t’s probably not escaped your attention that the music industry is fucked. CD sales slumped by 8% in the first half of this year, mirroring a global slump from 1.9bn to 1.7bn from 2005 to 2006. Independent music store chain Fopp has recently gone bust. HMV have reported a 73% fall in their annual profits. Prince is about to “release” his new album in the UK by giving it away free with the Mail on Sunday, an agreement which points towards the equally dire situation of the UK’s newspaper industry (cover mount CDs and DVDs being little more than a desperate, but effective, method of gerrymandering sales figures by causing a huge spike once a month). Legal download sales are up, but conservative estimates still suggest 20 illegal downloads for every legal one.
Meanwhile the Happy Mondays, one of Manchester’s most lauded and successful bands of the last 25 years, released their new album, Uncle Dysfunktional, at the start of last week. That Shaun Ryder has physically managed to produce a new record in 2007 is a minor miracle, as is the fact that said record isn’t (quite) a hideous travesty. Less than miraculous was the public’s response; it charted at #73.
The spectre of Ryder, corpulent, addled, and ravaged by his own “genius,” reading from an autocue on the last Happy Mondays reunion tour, is enough to have turned anyone away from a new album by the North West’s most notorious band, but the album itself doesn’t (quite) deserve such disregard, because most of it fits neatly in with the established Mondays’ history, both aesthetically and qualitatively, at least at first glance.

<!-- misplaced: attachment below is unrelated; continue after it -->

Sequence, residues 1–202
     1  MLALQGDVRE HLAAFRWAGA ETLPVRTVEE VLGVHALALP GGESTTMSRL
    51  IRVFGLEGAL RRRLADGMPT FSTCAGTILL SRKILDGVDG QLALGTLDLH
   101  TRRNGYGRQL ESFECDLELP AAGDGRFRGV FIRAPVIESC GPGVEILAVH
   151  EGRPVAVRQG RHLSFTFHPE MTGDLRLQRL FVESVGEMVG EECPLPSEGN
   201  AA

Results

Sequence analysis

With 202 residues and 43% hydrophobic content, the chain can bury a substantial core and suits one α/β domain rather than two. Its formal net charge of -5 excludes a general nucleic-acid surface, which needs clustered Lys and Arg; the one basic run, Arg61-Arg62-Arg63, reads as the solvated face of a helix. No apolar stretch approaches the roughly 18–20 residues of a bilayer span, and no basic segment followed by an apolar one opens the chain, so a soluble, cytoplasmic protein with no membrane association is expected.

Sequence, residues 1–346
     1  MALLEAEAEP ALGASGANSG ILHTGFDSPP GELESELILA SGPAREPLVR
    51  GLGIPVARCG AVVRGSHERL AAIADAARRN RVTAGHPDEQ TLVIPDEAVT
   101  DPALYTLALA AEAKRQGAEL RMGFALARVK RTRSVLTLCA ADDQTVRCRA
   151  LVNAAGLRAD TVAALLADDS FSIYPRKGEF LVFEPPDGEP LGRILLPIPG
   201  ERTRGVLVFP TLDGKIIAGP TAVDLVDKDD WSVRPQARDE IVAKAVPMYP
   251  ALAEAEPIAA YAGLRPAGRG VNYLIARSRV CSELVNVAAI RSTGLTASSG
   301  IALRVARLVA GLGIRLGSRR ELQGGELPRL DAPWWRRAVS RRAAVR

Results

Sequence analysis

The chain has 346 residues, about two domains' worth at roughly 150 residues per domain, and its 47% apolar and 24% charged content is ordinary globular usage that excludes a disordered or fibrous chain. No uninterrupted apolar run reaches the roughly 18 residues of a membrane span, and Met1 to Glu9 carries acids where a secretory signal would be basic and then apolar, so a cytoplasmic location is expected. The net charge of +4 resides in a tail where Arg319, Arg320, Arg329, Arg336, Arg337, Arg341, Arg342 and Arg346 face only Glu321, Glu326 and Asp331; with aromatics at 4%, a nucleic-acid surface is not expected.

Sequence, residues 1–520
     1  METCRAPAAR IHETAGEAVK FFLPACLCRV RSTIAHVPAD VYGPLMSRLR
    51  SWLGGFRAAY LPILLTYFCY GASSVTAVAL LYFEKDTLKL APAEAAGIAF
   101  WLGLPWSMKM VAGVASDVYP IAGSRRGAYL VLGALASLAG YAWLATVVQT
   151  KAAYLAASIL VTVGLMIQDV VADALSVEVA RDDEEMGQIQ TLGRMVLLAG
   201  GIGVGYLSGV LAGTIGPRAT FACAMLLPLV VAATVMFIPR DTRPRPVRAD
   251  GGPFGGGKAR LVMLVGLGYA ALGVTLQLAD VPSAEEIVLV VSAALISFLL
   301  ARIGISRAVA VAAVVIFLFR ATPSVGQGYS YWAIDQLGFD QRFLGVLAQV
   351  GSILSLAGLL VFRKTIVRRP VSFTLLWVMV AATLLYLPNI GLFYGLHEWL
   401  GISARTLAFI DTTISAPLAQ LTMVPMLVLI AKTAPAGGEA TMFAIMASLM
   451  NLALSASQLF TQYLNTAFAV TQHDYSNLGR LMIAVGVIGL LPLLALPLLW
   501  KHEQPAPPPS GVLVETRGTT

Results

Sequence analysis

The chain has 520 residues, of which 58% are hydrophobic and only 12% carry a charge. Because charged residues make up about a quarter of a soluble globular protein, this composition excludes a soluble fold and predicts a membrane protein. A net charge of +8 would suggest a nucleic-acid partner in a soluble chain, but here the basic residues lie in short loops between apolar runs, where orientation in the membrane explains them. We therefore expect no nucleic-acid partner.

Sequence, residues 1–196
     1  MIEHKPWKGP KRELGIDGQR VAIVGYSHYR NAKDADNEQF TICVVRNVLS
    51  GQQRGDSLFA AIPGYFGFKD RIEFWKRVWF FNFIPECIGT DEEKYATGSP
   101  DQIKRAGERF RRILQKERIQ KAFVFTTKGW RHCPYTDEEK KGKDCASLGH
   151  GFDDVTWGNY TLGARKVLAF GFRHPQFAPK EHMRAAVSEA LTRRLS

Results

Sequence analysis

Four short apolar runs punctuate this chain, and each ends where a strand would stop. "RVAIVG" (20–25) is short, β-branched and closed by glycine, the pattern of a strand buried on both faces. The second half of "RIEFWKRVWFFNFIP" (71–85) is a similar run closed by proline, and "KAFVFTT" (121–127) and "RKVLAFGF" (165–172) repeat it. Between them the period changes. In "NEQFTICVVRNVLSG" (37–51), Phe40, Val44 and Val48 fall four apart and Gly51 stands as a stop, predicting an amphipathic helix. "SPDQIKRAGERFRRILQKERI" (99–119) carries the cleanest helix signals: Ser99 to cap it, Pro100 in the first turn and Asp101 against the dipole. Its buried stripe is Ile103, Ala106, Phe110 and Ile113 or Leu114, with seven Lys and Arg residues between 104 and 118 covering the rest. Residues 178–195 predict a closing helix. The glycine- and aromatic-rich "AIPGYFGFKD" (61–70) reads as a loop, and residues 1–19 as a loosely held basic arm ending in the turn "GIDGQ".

For the main part, Shaun Ryder sweats and swears his way through a sequence of tunes that deploy the same kind of bass-led grooves, slinky guitar riffs, and thumping, late-80s / early-90s ‘funky drummer’ rhythms that made “Kinky Afro” and the like such winners, despite the absence here of original guitarist Mark Day and bassist Paul Ryder. The opening two tunes, for example, don’t add to the memory of his past achievements, but they certainly don’t sully them either, existing in the kind of smooth, semi-professional indie-dance zone that typified Yes Please, the band’s previous album from fifteen years ago.
Disturbingly though, Ryder ends opener “Jellybean” (where he sings about his own ‘tits’) with the insightful confession that “I made some mistakes, man,” before opening “Angels and Whores” with a sample proclaiming “I’m a drug-addicted alcoholic”; lyrics about ugly sex and bad drugs always typified Ryder’s peculiar brand of poesy, but it’s not so easy to get away with them when you’re his age.
In fact the aged Mancunian scallywag role has already been portrayed much better this year by Mark E. Smith on the Von Sudenfed album, his quasi-deranged ramblings backed by bona fide futurist arrangements courtesy of Mouse On Mars. A couple of times on Uncle Dysfunktional the Mondays break out of their past and attempt to come to grips with more contemporary forms, but it’s less than convincing, especially when taken next to “Deviants” and the horrifically-titled “Cuntry Disco,” tunes every bit as bad as you would fear a new Happy Mondays album would produce.
All in all Uncle Dysfunktional is far better than expected, but still nothing in comparison to Bummed, Pills & Thrills & Bellyaches, or the first Black Grape record. Given the complete lack of interest, this must surely go down as the most pointless comeback ever.